RELATED STORIES: U.N. Ambassador: Hamas Uses Human ShieldsU.N. Push for Gaza Cease-Fire Futile? Ban: Cease-Fire Must Be Two-Sided U.N. Ambassador Defends Israel U.N. President: Boycott Israel
The UN president has earned a reputation for his frequent anti-Israel remarks from the podium, such as calling Israel an apartheid state. Earlier this year, Brockmann attempted to ban the Israeli envoy from speaking at the 60th anniversary marking the adoption of the Universal Declaration of Human Rights. Israeli Ambassador Professor Gabriella Shalev warned that she would not tolerate anti-Israel rhetoric, especially on Holocaust Remembrance Day. During her remarks, Shalev said the world must not "remain silent" about the Nazi genocide of six million Jews. "To remain silent and indifferent to the horrors of the Holocaust is probably the greatest sin of all, let alone denying it," Shalev said. "We have a responsibility to act against the forces of anti-Semitism, bigotry and racism in any form," she said.

Will Obama APOLOGIZE to Ahmadinejad?

This could get interesting.
TEHRAN (Reuters) - Iran said on Wednesday it would welcome President Barack Obama's offer of a change in U.S. policy provided it involved a withdrawal of U.S. troops from abroad and an apology for past "crimes" against Tehran.

 

I would point out -perhaps needlessly- to the reading and thinking public, that in eight years with Bush at the helm, we never saw this level of chutzpah from the Iranian maniac; it was completely out of the question to think that America might apologize to the "axis of evil."  In the Age of Obama, however, anything is possible. That's what keeps me up at night.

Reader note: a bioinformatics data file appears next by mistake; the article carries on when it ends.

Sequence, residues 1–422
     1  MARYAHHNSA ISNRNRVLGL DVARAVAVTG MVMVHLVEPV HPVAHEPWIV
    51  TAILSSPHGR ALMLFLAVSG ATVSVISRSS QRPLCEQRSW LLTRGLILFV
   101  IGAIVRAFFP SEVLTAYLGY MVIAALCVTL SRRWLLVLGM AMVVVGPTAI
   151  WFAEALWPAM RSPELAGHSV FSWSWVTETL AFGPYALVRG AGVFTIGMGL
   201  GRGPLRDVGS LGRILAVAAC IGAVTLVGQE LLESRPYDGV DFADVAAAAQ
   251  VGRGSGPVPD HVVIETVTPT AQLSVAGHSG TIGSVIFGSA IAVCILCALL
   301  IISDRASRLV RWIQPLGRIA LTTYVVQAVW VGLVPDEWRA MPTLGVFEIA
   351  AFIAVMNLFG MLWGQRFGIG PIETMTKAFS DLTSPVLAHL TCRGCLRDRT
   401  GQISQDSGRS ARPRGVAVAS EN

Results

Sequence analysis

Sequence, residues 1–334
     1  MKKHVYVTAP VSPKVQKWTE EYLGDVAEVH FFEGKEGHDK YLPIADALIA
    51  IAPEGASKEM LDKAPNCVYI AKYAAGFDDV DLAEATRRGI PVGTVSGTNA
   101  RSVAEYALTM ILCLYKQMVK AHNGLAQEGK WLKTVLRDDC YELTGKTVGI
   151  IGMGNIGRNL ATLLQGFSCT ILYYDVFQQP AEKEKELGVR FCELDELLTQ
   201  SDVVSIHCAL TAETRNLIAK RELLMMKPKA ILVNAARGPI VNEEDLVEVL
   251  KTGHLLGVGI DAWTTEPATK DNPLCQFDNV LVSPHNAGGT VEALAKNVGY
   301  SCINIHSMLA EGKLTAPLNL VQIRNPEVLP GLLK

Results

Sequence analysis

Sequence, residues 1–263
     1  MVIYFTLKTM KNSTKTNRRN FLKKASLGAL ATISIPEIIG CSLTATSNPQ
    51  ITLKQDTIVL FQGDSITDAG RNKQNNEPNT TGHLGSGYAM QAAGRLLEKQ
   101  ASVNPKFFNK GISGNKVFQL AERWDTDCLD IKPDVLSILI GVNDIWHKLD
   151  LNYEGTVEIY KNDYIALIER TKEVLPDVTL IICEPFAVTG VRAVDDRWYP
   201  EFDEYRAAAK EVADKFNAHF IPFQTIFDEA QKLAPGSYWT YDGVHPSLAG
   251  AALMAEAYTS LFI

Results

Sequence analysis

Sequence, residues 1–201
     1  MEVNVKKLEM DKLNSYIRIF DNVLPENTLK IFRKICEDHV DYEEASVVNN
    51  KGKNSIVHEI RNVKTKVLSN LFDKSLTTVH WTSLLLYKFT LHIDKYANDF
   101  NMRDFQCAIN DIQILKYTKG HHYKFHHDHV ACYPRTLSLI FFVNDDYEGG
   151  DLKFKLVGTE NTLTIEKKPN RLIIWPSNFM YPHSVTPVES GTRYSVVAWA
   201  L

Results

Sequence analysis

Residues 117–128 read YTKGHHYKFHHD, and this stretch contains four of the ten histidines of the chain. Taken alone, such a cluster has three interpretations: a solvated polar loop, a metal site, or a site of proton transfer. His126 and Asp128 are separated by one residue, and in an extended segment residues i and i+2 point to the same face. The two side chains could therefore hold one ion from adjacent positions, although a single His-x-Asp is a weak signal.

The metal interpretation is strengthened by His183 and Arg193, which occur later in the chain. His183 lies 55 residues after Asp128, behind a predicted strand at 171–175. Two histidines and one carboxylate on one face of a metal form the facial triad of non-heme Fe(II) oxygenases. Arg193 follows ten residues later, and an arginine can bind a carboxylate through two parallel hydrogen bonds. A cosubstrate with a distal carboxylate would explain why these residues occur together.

In other news, a "respected think tank" has predicted that Iran could have the ability to build a nuclear bomb by the end of next year. This is being reported widely in the UK, in Israel of course, and India -- but in America, only by FOX News and U.S. News & World Report (so far). 

BtB is not surprised to find that none of the four editorials in today's New York Times even mentions Iran. And their front page is too busy gushing over Obama's [near-$900 billion] stimulus plan -its promised "relief for jobless and states on health care" and the coming "flood of aid" in education- to bother with any silliness like Ahmadinejad's daring response to Obama or the progress of his nuclear weaponization program.

For anyone interested, on page A8 Clinton sees an opportunity for Iran to return to diplomacy. Readers of the New York Times must sleep a helluva lot better at night than I do.


Flags and banners are strewn about Sderot as the southern Israel town celebrates a much needed respite from rocket attacks following the Gaza war. (Netanel Doron)  

Reuters

Published:  01.28.09, 15:37 / Israel Jewish Scene

Roni Sofer

Published:  01.28.09, 17:33 / Israel News

Leave a Reply

You must be logged in to post a comment.